Kara Swisher

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Checking In With Business.com's Jake Winebaum–After the $345 Million Deal

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Was it only a week ago that we wrote a post about the sale prospects of Business.com and did a video interview with its CEO Jake Winebaum at its Santa Monica, Calif., offices?

As it turned out–and I cannot say I was surprised–the deal was finally struck this past week for the highly targeted search-and-directory site to be sold to R.H. Donnelley (RHD) for $345 million.

“Donnelley has 2,000 sales people on the street and more than 600,000 advertisers and people come to them, so they make a great fit for us,” said Winebaum to me in an interview last night. “And we have a pay-for-performance platform that is hard to build, so we make a great fit for them, too.”

There were many others in the bidding, including the New York Times, IAC and Dow Jones (owner of this site), which were all outbid by the yellow- and white-pages giant.

A sale has long been rumored (a rumor broken in The Wall Street Journal, in fact), but Donnelley–though an obvious bidder in hindsight–was never mentioned among the suitors.

The company makes and distributes paper and online directories under the AT&T, Dex and Embarq names in more than two dozen states.

The final news of the deal was first reported by paidContent here on Wednesday.

Winebaum, a former Disney online exec, will likely get a handsome payout in the buyout, in the cash-plus-performance deal, and will become the president of RHD’s interactive unit.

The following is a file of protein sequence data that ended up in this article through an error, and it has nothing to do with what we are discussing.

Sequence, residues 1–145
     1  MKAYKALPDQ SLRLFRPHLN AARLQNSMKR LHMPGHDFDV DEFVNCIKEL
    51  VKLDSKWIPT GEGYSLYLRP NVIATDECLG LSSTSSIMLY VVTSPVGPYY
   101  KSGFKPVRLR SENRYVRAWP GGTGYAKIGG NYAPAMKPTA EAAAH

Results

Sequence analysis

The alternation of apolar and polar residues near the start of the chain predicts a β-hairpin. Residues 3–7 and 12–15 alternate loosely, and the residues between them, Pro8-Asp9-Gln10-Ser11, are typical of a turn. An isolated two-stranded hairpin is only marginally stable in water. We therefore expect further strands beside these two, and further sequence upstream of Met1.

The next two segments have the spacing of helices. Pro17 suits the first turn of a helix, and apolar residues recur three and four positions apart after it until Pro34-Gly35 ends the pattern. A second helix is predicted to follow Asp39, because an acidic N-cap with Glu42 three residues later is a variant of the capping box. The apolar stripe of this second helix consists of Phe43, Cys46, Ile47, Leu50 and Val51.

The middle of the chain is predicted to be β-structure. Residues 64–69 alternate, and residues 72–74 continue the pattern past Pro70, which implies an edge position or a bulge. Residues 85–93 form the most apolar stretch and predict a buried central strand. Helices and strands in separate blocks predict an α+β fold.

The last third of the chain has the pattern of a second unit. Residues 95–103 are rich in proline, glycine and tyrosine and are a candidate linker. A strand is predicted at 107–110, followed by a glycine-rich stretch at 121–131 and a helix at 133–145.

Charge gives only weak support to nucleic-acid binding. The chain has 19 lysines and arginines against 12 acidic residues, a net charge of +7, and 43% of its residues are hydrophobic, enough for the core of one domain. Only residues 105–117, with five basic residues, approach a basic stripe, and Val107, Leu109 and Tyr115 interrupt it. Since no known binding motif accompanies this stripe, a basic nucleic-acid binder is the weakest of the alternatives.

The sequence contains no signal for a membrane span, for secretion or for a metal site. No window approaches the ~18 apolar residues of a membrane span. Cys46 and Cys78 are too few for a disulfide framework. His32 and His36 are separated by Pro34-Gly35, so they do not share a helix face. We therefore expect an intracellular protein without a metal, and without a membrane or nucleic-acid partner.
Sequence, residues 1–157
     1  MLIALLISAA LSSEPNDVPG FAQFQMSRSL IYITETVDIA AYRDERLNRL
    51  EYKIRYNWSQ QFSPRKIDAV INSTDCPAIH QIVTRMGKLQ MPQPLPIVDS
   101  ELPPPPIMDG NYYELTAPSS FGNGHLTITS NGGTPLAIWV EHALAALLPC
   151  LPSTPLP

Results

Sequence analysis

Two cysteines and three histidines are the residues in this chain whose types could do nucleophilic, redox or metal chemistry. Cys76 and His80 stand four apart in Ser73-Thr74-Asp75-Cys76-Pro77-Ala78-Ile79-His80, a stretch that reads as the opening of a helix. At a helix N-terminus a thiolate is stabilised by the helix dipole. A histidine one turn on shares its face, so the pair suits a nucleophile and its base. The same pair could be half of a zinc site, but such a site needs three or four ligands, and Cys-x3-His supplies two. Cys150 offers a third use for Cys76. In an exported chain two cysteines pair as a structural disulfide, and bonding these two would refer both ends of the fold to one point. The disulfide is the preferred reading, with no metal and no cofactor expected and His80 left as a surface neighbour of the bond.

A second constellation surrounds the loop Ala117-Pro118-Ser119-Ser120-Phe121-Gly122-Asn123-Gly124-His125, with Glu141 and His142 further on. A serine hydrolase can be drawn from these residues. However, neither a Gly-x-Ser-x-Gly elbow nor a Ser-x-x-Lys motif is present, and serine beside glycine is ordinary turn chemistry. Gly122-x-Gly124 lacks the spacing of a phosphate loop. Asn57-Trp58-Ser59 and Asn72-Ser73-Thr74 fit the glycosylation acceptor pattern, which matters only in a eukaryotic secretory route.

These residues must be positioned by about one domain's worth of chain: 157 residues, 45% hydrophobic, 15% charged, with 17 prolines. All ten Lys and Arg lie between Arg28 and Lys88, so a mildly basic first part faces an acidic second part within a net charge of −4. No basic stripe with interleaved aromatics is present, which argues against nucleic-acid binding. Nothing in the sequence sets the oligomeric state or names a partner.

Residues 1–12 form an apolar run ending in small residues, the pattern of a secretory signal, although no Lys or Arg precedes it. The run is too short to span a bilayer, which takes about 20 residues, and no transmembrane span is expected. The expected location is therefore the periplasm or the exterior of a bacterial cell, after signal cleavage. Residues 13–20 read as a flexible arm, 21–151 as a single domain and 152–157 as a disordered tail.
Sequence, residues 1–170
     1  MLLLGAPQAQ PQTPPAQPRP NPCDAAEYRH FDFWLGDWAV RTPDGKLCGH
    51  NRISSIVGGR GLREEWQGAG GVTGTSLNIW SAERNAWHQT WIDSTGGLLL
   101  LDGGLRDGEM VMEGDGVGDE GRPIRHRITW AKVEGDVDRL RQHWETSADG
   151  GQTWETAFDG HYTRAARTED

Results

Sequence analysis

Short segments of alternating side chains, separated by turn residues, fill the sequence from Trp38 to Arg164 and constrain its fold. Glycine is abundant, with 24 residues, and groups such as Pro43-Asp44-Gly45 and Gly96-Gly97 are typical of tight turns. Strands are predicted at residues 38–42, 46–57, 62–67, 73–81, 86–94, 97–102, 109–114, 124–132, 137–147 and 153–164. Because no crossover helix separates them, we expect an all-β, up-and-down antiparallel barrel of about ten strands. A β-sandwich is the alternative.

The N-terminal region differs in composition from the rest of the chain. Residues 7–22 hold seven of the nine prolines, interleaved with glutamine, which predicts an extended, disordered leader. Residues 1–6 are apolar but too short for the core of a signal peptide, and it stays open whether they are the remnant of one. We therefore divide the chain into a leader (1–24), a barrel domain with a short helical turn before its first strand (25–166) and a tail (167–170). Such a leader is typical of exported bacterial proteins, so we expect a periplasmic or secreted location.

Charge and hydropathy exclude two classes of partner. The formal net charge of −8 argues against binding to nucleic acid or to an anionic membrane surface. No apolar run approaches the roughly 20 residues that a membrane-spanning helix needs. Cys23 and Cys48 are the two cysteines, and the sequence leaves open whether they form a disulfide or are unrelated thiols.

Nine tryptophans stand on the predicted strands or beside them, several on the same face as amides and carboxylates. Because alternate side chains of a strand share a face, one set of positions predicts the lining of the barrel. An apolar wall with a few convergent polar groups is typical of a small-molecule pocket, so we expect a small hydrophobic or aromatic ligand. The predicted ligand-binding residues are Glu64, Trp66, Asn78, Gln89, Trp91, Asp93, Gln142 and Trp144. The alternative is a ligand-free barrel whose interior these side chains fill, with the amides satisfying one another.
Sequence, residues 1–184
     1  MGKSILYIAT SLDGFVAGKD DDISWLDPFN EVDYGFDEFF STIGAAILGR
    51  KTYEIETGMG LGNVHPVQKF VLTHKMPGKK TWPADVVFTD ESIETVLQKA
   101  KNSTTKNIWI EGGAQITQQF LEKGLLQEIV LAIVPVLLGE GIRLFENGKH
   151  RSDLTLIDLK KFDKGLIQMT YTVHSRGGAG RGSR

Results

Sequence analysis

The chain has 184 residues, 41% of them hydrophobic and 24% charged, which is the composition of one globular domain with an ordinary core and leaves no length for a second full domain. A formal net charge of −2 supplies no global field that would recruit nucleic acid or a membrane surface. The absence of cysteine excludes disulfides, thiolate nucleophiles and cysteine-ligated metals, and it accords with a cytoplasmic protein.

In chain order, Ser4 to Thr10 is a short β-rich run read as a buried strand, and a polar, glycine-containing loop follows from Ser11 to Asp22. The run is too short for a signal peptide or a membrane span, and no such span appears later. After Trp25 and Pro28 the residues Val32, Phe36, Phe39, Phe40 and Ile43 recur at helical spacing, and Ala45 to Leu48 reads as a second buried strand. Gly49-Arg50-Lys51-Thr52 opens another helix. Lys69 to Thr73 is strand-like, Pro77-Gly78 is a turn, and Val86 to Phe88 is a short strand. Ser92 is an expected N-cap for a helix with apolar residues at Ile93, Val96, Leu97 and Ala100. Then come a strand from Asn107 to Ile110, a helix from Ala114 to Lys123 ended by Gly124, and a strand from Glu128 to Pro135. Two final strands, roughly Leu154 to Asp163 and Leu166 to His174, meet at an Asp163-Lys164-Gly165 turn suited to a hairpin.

It will now include a new RHD local search site called DexKnows.com, and its LocalLaunch search-engine marketing service, as well as Business.com’s units.

It is all a sweet result for Winebaum especially since both he and Business.com investor and entrepreneur Sky Dayton were widely mocked–including by me–for paying $7.5 million for the domain name in 1999.

In its first incarnation as a business portal, with lots of content, it almost went belly up, but Winebaum refocused it as a search service for business–and gave it the most dull, but useful, interface you might find out there.

In essence, it links buyers of various business goods and services with merchants and those merchants pay for the links.

Another interesting part of the business is its related Work.com site, which solicits and vets content about various business issues from users (often consultants looking for business) and posts them.

Winebaum said RHD was very interested in using the platform to create things like local neighborhood guides online.

Business.com is very small in comparison to RHD, which had operating income of $442 million last year. Helped by another $10 million round of investment a few years ago, Business.com had about $15 million in earnings before interest, taxes, depreciation and amortization.

But having a strong foothold online is increasingly important to print-dependent outfits like RHD, although Winebaum insisted that the form of distribution did not matter, as long as all bases were covered.

“I want Business.com to be a long-term success,” said Winebaum, who said he planned to stay and build on Business.com’s success. “And the future is about providing leads for merchants and the right information for those seeking help, so whether they come from print or the Internet does not matter–you just have to be where people go to for information.”

I am reposting the video interview with Winebaum below, as it gives good insight into the business of Business.com:


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The problem with the Billionaire Savior phase of the newspaper collapse has always been that billionaires don’t tend to like the kind of authority-questioning journalism that upsets the status quo.

— Ryan Chittum, writing in the Columbia Journalism Review about the promise of Pierre Omidyar’s new media venture with Glenn Greenwald